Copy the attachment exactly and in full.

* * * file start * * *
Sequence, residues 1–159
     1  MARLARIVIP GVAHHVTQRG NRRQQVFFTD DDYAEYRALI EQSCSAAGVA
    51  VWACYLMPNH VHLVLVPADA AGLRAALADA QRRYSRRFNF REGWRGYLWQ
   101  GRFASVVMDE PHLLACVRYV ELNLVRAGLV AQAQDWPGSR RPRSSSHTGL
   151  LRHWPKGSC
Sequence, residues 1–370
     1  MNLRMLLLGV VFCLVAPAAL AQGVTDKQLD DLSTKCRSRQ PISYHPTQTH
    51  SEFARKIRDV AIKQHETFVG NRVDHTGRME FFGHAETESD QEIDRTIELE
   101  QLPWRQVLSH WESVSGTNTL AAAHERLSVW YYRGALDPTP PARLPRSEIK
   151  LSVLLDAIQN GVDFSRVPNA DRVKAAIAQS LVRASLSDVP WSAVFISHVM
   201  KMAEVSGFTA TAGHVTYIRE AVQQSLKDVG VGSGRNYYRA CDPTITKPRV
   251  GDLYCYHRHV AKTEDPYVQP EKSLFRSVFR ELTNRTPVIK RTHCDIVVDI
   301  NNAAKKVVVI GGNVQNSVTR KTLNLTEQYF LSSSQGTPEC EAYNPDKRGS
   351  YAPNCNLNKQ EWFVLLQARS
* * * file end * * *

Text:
Sequence, residues 1–159
     1  MARLARIVIP GVAHHVTQRG NRRQQVFFTD DDYAEYRALI EQSCSAAGVA
    51  VWACYLMPNH VHLVLVPADA AGLRAALADA QRRYSRRFNF REGWRGYLWQ
   101  GRFASVVMDE PHLLACVRYV ELNLVRAGLV AQAQDWPGSR RPRSSSHTGL
   151  LRHWPKGSC
Sequence, residues 1–370
     1  MNLRMLLLGV VFCLVAPAAL AQGVTDKQLD DLSTKCRSRQ PISYHPTQTH
    51  SEFARKIRDV AIKQHETFVG NRVDHTGRME FFGHAETESD QEIDRTIELE
   101  QLPWRQVLSH WESVSGTNTL AAAHERLSVW YYRGALDPTP PARLPRSEIK
   151  LSVLLDAIQN GVDFSRVPNA DRVKAAIAQS LVRASLSDVP WSAVFISHVM
   201  KMAEVSGFTA TAGHVTYIRE AVQQSLKDVG VGSGRNYYRA CDPTITKPRV
   251  GDLYCYHRHV AKTEDPYVQP EKSLFRSVFR ELTNRTPVIK RTHCDIVVDI
   301  NNAAKKVVVI GGNVQNSVTR KTLNLTEQYF LSSSQGTPEC EAYNPDKRGS
   351  YAPNCNLNKQ EWFVLLQARS